Isaac Clarence Kulp of Harleysville, Pennsylvania, told Gerald that “the Brethren practiced powwowing less than the Mennonites of this area, but the Brethren anointed with oil more than the Mennonites did. Also, the Brethren have never condemned powwowing while the Mennonites have strongly condemned it.”
Claims powwowers make
Powwowers treat a wide variety of diseases as divergent as arthritis, asthma, bleeding, bone felony, cataracts, cysts, erysipelas, gall stones, insomnia, lumbago, sinus, sore mouth, and warts — to name a few.
Certain beliefs held by powwowers
Powwowers deny any association with hexerei or witchery (black magic).
Powwowers insist that the recipient of their powers must express a faith in God. Among “Church” Pennsylvania Dutch (Lutheran and Reformed), powwowing was done for only baptized persons. Among “Plain” Dutch (Amish, Mennonite, and Brethren), unbaptized children were also treated, because the individual bringing the child supplied the element of faith.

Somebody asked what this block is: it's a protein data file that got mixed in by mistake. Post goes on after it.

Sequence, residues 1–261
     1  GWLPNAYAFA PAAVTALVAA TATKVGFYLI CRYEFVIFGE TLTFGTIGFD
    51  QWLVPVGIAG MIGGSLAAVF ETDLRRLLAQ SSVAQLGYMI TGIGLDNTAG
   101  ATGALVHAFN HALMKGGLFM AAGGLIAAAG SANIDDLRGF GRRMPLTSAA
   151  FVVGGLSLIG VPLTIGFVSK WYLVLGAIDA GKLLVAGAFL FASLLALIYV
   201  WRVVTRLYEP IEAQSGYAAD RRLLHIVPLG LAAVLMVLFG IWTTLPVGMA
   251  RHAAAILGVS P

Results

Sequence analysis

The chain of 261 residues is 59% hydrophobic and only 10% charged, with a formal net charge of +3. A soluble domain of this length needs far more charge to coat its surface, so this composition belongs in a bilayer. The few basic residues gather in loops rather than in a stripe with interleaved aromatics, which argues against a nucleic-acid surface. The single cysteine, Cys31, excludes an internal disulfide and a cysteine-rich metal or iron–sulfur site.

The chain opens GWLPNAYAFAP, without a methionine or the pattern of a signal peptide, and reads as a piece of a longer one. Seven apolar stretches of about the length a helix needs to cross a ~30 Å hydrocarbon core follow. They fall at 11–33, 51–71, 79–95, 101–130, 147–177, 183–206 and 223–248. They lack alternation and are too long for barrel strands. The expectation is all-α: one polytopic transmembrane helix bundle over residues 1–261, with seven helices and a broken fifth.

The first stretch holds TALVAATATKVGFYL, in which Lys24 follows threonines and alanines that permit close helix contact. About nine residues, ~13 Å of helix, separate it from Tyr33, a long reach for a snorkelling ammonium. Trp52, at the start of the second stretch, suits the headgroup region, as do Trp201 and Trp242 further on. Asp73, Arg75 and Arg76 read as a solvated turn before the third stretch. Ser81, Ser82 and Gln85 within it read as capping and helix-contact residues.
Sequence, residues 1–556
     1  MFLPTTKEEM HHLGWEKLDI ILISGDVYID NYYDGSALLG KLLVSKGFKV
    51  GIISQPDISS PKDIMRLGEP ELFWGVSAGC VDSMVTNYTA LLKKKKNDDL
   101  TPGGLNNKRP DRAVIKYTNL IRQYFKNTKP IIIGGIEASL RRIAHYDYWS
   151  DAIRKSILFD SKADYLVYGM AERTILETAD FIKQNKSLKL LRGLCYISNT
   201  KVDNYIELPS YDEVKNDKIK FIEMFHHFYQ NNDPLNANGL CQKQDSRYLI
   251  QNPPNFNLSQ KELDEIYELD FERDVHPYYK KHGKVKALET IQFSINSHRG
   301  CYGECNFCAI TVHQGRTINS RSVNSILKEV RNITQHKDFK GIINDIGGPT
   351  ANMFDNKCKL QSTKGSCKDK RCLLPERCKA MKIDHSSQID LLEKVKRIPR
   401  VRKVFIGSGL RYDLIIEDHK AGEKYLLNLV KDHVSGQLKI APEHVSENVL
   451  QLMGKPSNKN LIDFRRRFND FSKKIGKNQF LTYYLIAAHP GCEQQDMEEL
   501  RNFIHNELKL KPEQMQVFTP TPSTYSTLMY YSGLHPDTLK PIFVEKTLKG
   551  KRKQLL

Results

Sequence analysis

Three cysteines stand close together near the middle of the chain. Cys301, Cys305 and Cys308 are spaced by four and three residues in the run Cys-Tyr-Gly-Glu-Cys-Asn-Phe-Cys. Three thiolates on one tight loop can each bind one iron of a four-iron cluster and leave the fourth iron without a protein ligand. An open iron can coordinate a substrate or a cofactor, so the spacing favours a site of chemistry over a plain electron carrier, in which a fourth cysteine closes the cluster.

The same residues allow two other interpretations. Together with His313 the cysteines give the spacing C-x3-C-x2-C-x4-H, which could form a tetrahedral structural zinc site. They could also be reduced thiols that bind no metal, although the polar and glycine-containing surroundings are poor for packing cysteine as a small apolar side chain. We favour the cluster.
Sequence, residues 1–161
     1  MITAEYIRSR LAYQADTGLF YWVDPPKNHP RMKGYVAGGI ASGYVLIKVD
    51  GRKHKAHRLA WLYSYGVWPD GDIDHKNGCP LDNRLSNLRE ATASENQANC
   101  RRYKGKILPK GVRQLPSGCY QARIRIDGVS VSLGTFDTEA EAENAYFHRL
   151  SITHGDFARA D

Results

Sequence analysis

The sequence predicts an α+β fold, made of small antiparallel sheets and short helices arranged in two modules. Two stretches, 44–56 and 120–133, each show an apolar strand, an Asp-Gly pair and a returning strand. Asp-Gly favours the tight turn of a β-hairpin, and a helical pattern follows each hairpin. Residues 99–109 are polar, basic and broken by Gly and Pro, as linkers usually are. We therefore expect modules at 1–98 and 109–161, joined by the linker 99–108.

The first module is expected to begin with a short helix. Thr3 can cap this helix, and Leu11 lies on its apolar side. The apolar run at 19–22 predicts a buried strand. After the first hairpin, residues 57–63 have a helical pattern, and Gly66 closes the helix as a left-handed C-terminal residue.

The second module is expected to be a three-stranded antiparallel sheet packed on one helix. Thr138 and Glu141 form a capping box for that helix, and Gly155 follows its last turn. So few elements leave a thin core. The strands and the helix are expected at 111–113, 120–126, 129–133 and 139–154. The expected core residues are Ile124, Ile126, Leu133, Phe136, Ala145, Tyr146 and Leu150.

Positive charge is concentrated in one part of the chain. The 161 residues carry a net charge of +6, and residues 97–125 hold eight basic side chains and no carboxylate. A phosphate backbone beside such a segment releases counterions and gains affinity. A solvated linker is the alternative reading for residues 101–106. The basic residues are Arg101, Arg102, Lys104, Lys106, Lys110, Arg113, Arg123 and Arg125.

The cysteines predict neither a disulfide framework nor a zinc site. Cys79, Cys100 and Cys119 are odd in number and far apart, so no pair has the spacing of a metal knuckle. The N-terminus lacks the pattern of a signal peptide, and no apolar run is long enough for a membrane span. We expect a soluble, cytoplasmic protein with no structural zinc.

Powwowers use incantations that frequently refer to the perpetual virginity of Mary or that appeal especially to her — Roman Catholic beliefs gone underground since the Reformation?
Powwowers traditionally passed on this knowledge in a particular way; namely, only a man could teach a woman and only a woman could teach a man.
Gerald Studer’s position on powwowing
“Our forefathers used powwowing for pragmatic and utilitarian reasons — it worked, was frequently as effective as medical cures today … I see powwowing as an expression of demonic power in the sense that we are all subject to being deceived as by an ‘angel of light’ seeking whom he may deceive and, if possible, devour. And the fact that powwowing works proves nothing at all. Many things work that are wrong.”
“Powwowing is not gentle amusement or antiquated comedy. It cannot be cooly described. The real essence of powwowing can never be reproduced or discussed in a book. It remains a secret. We should give it our attention only in order to rise above it in every respect.”
Examples from the MHC collection (2018)